Law enforcement improvements lead to hundreds of poaching arrests in Cameroon

Posted on 05 July 2011    
Ranger holding seized ivory with seized guns in background, outside WWF office in Yokadouma, East province, Cameroon.
© Brent Stirton / Getty Images / WWF-UK
Law enforcement efforts in Southeast Cameroon supported by WWF have resulted in the arrest 576 suspected poachers between fall 2010 and spring 2011, according to statistics gathered by WWF project teams. Game guards and law enforcement officials also seized nearly 50 elephant tusks from poachers in the area’s three national parks during that period.

In addition, officials also seized guns, ammunition and machetes along with over 5000 snares used to entrap wildlife. A gorilla skin, elephant and gorilla meat, as well as the carcases of monkeys and other animals were also discovered. Nearly 100 poaching camps were destroyed.

“I offer congratulations to Cameroon’s anti-poaching units, as well as to the WWF project team,” said Lamine Sebogo, WWF’s African Elephant Programme Coordinator. “These kinds of successful operations show positive signs and give the hope that poaching can be significantly reduced in Central Africa.”

Law enforcement operations revealed that poachers and wildlife traffickers have adopted cutting edge technologies, such as satellite phones, to avoid detection and arrest. Organized criminal syndicates are also recruiting and arming economically disadvantaged individuals to carry out poaching activities for cash payment.

Increased inter-agency coordination, the implementation of informant networks, and the use of road blocks and check points has led to the interception of suspected poachers. During the period, one poacher was convicted and sentenced to ten months imprisonment, while the others arrested are still awaiting trial.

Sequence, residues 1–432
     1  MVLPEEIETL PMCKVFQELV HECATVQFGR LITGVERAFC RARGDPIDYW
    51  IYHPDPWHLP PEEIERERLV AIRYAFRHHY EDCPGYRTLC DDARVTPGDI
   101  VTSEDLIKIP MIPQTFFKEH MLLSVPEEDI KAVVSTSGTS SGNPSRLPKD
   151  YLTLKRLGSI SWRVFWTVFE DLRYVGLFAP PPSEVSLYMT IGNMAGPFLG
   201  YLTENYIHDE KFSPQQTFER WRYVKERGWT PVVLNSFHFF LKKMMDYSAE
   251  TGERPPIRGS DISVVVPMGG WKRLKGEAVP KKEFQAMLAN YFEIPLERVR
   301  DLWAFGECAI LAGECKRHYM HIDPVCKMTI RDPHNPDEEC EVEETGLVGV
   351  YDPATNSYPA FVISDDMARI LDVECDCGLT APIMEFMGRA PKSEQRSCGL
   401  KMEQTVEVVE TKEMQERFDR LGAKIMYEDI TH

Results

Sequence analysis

In a setback, five poachers detained for trafficking ivory 20 tusks were released on bail despite their earlier attempts at bribing officials.

“We oppose the granting of bail to poaching suspects due to the gravity of their crimes and their high flight risk,” Sebogo says. “Suspects at large continue to pose a threat to elephants and can cause delays to judicial proceedings.”

To ensure thorough investigations and rigorous prosecutions of wildlife criminals in Central Africa, WWF supports the work of the Last Great Ape Organization and its sister organizations who create accountability by monitoring the progress of wildlife cases through the legal system. The organizations also work with rangers and law enforcement officials who putting their lives on the line in the field to assure that the crime scene evidence they collect is sufficient to secure court convictions.

The lack of field equipment for eco-guards remains a challenge to the implementation of anti-poaching operations. Basic items like handcuffs, rucksacks and raincoats can be difficult for authorities to obtain.

WWF is providing financial and technical assistance to governments in Central Africa to help curb the current escalation in poaching, which is impacting elephants and great apes. Assistance is being provided in the field through the provision of equipment and the facilitation of trainings for wildlife officers and prosecutors.

At the policy level, WWF is currently providing technical and financial support to COMIFAC, the Central African Forest Commission, as it develops a regional wildlife law enforcement plan that will enable deeper cooperation between countries.

Ranger holding seized ivory with seized guns in background, outside WWF office in Yokadouma, East province, Cameroon.
© Brent Stirton / Getty Images / WWF-UK Enlarge

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